Stack Overflow is a community of 4.7 million programmers, just like you, helping each other.

Join them; it only takes a minute:

Sign up
Join the Stack Overflow community to:
  1. Ask programming questions
  2. Answer and help your peers
  3. Get recognized for your expertise

Here is the excise:

You start with an empty room and a group of n people waiting outside. At each step, you may either admit one person into the room, or let one out. Can you arrange a sequence of 2n steps, so that every possible combination of people is achieved exactly once?


My solution is:

I can have a bit array which has n elements. Each element's status stands for whether this person is in the room or not. So totally we will have 2n different combinations of people in the room.

The algorithm can be a standard backtrack to list out all the combinations.


I am just wondering whether my thought is too naive or simple?

Any trap in this excise?


Edit:

For people who are interested in the implementation of gray code, please see

http://yagni.com/graycode/

share|improve this question
up vote 12 down vote accepted

The algorithm can be a standard backtrack to list out all the combinations.

Your solution "works", but if implemented naively, it will requires a lot more than 2n steps.

See the following sentence in the problem statement:

At each step, you may either admit one person into the room, or let one out.

In your solution, when you list all bit-vectors, you'll probably have 0111 followed by 1000 which means that three people will have to leave the room, and one person will have to enter.

That requires 4 steps, and not one, thus you'll get a lot more than 2n steps to run through all combinations.

However, you can arrange the bit-vectors you describe, in a way such that only one bit differs between two consecutive vectors. This is what is refered to as Gray code.

Here's an example from the Wikipedia article:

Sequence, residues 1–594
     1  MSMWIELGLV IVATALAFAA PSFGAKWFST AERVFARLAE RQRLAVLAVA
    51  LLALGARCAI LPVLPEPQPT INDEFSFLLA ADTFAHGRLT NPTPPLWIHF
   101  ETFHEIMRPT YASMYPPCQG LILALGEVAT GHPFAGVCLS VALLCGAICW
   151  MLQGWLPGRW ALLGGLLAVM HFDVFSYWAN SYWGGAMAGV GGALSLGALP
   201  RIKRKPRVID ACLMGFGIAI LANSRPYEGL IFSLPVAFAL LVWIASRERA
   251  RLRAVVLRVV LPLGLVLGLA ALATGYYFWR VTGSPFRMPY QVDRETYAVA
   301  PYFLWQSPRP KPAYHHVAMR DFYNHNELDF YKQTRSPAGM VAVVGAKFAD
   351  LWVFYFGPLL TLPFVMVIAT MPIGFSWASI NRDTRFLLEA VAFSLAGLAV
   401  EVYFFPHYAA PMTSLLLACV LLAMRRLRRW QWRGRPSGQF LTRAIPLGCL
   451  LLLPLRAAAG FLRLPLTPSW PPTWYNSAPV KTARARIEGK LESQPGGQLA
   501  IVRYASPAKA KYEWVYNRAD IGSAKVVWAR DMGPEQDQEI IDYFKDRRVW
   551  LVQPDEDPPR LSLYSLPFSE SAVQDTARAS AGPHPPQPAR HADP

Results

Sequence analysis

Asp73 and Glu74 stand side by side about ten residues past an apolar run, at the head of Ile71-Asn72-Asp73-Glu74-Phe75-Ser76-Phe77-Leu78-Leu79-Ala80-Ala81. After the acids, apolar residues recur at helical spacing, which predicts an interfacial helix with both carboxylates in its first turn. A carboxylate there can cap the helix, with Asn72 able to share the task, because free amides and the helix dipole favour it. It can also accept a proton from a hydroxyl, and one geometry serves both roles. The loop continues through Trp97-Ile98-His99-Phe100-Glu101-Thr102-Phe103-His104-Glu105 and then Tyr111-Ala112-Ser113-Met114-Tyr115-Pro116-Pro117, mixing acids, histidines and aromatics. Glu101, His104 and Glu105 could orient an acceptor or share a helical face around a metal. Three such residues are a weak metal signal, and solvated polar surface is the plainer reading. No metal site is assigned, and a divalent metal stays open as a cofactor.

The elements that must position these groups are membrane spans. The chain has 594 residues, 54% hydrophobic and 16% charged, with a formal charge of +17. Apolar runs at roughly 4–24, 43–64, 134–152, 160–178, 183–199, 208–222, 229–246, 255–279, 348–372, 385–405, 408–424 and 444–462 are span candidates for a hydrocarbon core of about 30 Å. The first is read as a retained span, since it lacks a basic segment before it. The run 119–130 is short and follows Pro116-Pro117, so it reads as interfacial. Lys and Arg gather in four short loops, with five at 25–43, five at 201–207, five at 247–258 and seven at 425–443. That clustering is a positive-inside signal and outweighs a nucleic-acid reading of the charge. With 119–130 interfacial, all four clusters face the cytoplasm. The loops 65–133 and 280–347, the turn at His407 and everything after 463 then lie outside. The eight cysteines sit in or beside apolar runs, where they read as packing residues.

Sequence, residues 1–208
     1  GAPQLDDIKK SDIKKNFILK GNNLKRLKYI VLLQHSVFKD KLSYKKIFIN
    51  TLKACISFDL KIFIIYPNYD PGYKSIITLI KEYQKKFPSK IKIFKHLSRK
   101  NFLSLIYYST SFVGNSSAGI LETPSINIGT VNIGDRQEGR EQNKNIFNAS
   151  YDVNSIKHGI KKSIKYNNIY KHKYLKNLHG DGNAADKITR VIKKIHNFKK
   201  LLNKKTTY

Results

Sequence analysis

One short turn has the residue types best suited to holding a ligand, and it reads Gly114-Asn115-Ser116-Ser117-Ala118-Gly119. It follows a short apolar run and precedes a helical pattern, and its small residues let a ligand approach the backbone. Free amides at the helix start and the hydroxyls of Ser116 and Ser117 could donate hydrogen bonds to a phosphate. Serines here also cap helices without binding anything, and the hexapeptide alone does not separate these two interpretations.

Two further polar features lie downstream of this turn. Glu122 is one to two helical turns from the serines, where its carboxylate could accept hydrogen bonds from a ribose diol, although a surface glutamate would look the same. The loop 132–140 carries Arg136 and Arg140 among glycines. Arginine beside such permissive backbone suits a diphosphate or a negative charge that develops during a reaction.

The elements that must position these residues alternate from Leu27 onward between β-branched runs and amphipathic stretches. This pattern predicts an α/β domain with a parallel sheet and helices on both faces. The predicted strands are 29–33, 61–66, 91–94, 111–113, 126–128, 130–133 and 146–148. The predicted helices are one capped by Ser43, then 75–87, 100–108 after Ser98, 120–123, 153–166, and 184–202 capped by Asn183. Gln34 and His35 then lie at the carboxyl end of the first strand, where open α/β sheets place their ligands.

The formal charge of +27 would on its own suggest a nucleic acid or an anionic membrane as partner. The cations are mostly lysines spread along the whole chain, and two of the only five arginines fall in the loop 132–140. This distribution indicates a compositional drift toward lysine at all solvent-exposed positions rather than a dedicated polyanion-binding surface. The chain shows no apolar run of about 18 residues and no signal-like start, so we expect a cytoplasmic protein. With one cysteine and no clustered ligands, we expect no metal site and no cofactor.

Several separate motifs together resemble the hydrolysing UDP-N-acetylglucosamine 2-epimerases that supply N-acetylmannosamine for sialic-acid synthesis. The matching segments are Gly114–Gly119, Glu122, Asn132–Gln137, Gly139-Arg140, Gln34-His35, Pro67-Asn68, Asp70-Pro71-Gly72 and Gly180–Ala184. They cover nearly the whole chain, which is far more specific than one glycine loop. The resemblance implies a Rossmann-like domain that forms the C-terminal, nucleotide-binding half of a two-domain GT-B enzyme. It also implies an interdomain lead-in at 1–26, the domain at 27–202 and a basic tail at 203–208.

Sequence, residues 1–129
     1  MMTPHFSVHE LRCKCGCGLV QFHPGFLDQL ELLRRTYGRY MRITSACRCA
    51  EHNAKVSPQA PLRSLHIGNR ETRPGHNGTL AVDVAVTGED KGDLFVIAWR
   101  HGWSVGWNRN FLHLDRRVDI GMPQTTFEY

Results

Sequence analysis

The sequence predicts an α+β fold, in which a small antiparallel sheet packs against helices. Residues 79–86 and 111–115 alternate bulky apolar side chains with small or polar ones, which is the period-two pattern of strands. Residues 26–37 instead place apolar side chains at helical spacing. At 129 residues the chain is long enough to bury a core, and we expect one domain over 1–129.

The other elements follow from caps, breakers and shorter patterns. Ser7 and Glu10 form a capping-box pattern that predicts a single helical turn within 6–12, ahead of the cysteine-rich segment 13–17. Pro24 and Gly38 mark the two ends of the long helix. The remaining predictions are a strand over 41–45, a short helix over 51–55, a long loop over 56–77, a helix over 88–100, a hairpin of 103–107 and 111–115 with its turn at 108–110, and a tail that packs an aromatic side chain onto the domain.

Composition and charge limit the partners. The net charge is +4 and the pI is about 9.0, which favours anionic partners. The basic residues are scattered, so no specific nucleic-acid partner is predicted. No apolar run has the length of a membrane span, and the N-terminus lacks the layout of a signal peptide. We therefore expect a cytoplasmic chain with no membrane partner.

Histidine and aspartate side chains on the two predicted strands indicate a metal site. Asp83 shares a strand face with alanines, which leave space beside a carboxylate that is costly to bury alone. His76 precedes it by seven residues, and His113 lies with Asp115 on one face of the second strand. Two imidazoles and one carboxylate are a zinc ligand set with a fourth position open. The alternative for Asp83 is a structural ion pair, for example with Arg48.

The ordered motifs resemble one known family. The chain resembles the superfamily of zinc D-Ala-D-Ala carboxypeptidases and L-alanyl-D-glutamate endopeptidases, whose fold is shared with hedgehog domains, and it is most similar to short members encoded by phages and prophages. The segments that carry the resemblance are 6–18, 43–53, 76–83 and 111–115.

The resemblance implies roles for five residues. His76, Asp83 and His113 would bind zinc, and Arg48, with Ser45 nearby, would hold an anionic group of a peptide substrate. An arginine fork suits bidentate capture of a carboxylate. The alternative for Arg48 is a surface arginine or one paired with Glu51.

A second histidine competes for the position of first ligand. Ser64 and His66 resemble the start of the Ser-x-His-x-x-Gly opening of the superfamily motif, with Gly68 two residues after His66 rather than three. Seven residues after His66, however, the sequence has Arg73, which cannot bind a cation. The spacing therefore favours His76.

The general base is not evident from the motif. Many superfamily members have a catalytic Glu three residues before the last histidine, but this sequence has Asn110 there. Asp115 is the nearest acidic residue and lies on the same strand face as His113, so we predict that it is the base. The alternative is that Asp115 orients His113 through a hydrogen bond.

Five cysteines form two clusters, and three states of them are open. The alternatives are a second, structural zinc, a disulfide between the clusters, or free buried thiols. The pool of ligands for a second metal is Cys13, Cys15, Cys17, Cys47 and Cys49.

Dec  Gray   Binary
 0   000    000
 1   001    001
 2   011    010
 3   010    011
 4   110    100
 5   111    101
 6   101    110
 7   100    111

Notice how

  1. all bit-vectors are covered, and
  2. for each consecutive vector, only one bit changes.

This means that you'll be able to iterate through all combinations in precisely 2n steps.

How to implement such sequence generator is also explained in the Wikipedia page, but if it's an exercise, I suggest you make an attempt yourself before peeking ;)

share|improve this answer
    
Thanks. You pointed out the "trap" I overlooked - the 2^n steps to get the result (not only to get 2^n combinations) – Jackson Tale May 12 '12 at 10:58
    
In particular, the straightforward method would involve about twice as many, approximately 2^(n+1), steps. – ninjagecko May 12 '12 at 11:04
    
@ninjagecko it is 2^(n+1)-1 steps in my algorithm, just to be precise. – Jackson Tale May 12 '12 at 11:16
    
Gray code: good catch! I didn't even think of it. :) – Li-aung Yip May 12 '12 at 11:23
1  
So you mean I just generate gray code, and image the gray code sequence as my desired bit sequence (combinations). So in this way, we don't need to care about the actually binary vector (the right hand side of your example) because the gray code sequences are already a full set of combinations we desire. – Jackson Tale May 12 '12 at 12:01

You are looking for a Gray code sequence generator. Neighbouring values in a Gray code sequence differ by only one bit.

share|improve this answer
    
But do you think my thinking is also working? – Jackson Tale May 12 '12 at 10:43
    
@JacksonTale: I don't know. How are you ensuring that neighbouring values in your output sequence differ by only one bit? – Oliver Charlesworth May 12 '12 at 10:44

Here is the working code for gray code sequence generation

// Binary Reflected Gray Code
void brgc( int *a, int n, int idx, int reflect )
{
    if ( n == idx ) {
        printIntArr( a, n );
    } else {
        a[ idx ] = reflect;
        brgc( a, n, idx + 1, 0 );
        a[ idx ] = !reflect;
        brgc( a, n, idx + 1, 1 );
    }
}

int main( int argc, char *argv[] )
{
    if ( argc != 2 ) {
        printf( "Usage...\n" );
        return -1;
    }
    int n = atoi( argv[ 1 ] );
    int *a = malloc( sizeof( int ) * n );
    brgc( a, n, 0, 0 );
}
share|improve this answer
/ package whatever; // don't place package name! /

import java.util.*;
import java.lang.*;
import java.io.*;

/ Name of the class has to be "Main" only if the class is public. /
class Ideone
{
    public static void main (String[] args) throws java.lang.Exception
    {
        int numberofPeople=3;
        int size = 1<<numberofPeople;
        for(int i=0;i<size;i++)
        {
            int num = i^(i>>1);
            System.out.println(Integer.toBinaryString(num));
        }
    }
}
share|improve this answer

Your Answer

 
discard

By posting your answer, you agree to the privacy policy and terms of service.

Not the answer you're looking for? Browse other questions tagged or ask your own question.